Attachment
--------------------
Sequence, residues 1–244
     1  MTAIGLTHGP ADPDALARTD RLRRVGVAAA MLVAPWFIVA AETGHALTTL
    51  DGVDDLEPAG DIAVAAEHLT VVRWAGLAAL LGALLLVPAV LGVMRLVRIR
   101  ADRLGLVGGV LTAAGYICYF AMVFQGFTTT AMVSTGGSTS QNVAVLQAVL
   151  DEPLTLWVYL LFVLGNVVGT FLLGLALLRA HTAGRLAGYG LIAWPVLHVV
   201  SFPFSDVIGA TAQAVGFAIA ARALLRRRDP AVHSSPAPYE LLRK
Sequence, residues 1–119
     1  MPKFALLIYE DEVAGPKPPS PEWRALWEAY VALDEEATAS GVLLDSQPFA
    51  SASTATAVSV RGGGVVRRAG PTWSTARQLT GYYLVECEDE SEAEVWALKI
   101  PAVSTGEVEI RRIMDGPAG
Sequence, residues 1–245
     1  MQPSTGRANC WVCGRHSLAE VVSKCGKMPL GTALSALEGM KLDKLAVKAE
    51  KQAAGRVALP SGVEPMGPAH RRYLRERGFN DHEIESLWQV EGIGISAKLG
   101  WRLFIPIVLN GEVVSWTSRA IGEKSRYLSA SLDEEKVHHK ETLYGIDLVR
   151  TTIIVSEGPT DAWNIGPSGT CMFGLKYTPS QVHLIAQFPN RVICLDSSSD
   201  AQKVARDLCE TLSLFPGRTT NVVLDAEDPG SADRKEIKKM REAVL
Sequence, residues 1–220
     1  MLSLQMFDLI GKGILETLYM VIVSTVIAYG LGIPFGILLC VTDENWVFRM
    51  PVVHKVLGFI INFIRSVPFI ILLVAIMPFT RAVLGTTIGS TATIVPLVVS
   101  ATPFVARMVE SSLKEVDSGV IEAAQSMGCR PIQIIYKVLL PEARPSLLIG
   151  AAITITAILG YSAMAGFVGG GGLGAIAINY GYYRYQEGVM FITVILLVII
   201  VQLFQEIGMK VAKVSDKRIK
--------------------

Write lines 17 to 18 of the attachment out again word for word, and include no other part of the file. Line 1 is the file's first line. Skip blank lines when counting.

Sequence, residues 1–220
     1  MLSLQMFDLI GKGILETLYM VIVSTVIAYG LGIPFGILLC VTDENWVFRM